Heard of London’s disused Tube stations? Discover the capital’s abandoned spots and the fascinating stories behind them.
It turns out that London has lots of disused tube stations. Perhaps it shouldn’t come as a surprise – the first London Underground train dates back to 1863 – of course, there’s been lots of change since then.
Climb aboard and let us take you on a journey through the history of London’s Underground, with stations serving as Blitz shelters, breakout rooms and some even acting as the backdrop for movie sets.
Next stop, disused London Underground stations. Choo choo!
Abandoned London Underground Stations and the History Behind Them
Opened to the public in 1907, Aldwych Station is one of London’s best-kept secrets. The station’s history runs deep, from providing shelter to Londoners during the Blitz to being used as a filming location for The ABC Murders, Sherlock, Darkest Hour and Atonement.
It was a part of the Piccadilly Line for 100 years until 1994 and closed due to low passenger numbers (a theme you’ll notice with many of these stations!).
Although Aylesbury is actually quite a few miles away from London, it turns out it used to be on the Underground network until the 1960s. In fact, it was part of the main service for London’s Metropolitan line.
From Aylesbury you could reach Waddesdon Manor and Quainton Road and the line stretched nearly as far as Oxford. This was, until the line between Rickmansworth and Amersham was electrified – then there was no need for Aylesbury to be active. Boo.
Run by the Central London Railway, British Museum Station in Holborn was a part of the Central Line.
Opened in 1900 but closed 33 years later, Holborn station, less than 100 yards away, had much higher passenger numbers so the British Museum station just wasn’t needed– Holborn joined the Central Line the very next day.
The two stations ideally would have been connected, but weren’t because of tunnel alignment.
Brompton Road, once part of the Piccadilly line, used to be a stop in between Knightsbridge and South Kensington.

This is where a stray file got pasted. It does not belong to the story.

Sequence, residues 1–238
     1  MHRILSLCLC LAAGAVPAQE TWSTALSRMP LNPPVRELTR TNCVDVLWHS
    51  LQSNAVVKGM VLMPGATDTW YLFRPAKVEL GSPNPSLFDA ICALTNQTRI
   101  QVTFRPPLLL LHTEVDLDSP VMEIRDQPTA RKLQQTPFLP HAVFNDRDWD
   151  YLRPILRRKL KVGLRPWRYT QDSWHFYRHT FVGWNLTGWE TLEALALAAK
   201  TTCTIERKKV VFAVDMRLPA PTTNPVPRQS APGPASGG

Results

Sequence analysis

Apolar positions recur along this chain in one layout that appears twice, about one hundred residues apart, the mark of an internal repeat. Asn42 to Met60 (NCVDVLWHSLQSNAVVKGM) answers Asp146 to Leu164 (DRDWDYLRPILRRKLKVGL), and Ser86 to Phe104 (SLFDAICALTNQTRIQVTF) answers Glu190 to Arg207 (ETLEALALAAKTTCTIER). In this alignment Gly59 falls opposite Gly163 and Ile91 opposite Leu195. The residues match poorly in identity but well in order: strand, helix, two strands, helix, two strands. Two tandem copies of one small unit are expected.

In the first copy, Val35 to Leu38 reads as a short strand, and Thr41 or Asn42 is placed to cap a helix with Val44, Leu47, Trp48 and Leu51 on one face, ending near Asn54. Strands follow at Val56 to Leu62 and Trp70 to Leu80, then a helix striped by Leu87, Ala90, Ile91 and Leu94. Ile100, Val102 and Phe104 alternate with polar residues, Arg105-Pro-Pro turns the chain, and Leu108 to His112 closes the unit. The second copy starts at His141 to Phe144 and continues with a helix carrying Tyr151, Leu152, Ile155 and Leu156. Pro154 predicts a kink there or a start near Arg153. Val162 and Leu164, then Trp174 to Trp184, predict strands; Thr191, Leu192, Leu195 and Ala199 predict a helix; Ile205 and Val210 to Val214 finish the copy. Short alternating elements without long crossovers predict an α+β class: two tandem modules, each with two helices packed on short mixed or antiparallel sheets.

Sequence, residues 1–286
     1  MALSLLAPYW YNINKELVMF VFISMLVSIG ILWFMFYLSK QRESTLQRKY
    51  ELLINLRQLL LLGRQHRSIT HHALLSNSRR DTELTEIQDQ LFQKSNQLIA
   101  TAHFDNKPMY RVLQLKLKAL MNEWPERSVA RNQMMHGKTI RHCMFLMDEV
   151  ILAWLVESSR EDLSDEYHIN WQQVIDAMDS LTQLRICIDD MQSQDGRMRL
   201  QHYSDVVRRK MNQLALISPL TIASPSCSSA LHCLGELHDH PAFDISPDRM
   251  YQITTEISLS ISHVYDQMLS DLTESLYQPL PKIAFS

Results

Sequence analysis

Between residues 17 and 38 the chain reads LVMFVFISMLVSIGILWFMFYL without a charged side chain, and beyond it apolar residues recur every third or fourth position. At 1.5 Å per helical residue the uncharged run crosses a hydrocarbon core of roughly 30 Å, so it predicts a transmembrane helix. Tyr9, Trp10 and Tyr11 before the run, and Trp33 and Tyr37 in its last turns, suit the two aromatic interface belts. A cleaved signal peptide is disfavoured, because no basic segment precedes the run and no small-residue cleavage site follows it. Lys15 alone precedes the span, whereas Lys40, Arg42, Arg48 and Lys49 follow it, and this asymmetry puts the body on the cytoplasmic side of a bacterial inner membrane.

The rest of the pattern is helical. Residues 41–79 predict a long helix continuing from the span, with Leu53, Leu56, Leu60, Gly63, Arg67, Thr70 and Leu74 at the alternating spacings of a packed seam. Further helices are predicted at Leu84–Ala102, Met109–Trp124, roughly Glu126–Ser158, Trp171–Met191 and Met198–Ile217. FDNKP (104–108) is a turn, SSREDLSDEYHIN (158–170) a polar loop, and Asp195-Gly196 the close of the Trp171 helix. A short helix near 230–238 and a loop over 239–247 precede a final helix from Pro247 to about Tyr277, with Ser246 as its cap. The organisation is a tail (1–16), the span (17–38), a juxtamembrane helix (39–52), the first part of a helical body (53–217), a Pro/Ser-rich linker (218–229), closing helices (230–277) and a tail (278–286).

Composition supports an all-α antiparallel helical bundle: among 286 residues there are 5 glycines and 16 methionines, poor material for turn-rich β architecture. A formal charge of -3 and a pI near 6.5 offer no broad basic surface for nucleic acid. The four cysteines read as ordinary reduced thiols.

But – you guessed it – the station closed because it wasn’t used often enough, largely due to being too close to its neighbouring stations. It was during the General Strike that Brompton Road closed and never reopened after the modernisation of Knightsbridge.
During the Second World War Brompton Road served as Ministry of Defence and the platforms were bricked up. It’s now been turned into trendy flats, so there’s not much to see of its former life.
We are well aware that Charing Cross is technically not an abandoned station, but part of it is. We’re also certain you’ve seen the abandoned part of Charing Cross on your TV screens too.
Charing Cross joined the Jubilee line in 1979 as the southern terminus until 1999. The line was supposed to join up to Lewisham and the tunnels extend as far as Aldwych. But with the regeneration of the East End in the 80s, the line was rerouted from Green Park to Waterloo and London Bridge.
The disused line found new meaning on our screens acting as the backdrop for 28 Weeks Later, Skyfall, Creep and Spooks.
Islington’s disused tube station, City Road, opened in 1901 as part of the City & South London Railways extension from Moorgate Street to Angel.
It was doomed from the start by low passenger numbers and closed in 1922. You might have wondered why there’s a big gap between Angel and Old street, and this is why.
Most of the station was demolished in the 1960s, and replaced with an energy centre that now helps to heat the homes of Islington with the heat from the tunnels.
Another station that once existed on the Metropolitan line, we’re beginning to see why so many of them closed.
Great Missenden is one of the prettiest villages in England and it’s just 40 minutes from Marylebone Station.
The service was withdrawn when the lines were electrified in the 50s and 60s and trains then only ran as far as Amersham.
Hounslow Town and Surrounding Areas
The District line used to go all the way to Hounslow Town station which was quite close to Hounslow East station.
Bear with us as this gets a little confusing: The station closed in 1886, but reopened for six years from 1903 to 1909 before finally closing for good. These tracks are now used as tracks for the Piccadilly line and following various extensions, now serves Heathrow Airport.
Osterley & Spring Grove was also a stop next to Hounslow Town heading east. It opened in 1883 as part of the District line and then closed in 1934, though the old station building is still there today serving as a book shop.
There was also Hounslow West, opened in 1884 as a further terminus. Formerly known as Hounslow Barracks, it was renamed in 1925 and then closed in 1975 when the station was moved in order to extend the line out towards Hatton Cross and Heathrow.
King William Street
King William Street station was part of the City and South London Railway, which was the old Northern line.
Open from 1890 to 1900, it was closed after just ten years in order to extend the line up to Moorgate and Bank. It was situated between Monument and Bank, and a plaque can still be seen at Monument station as a little reminder that King William Street station existed.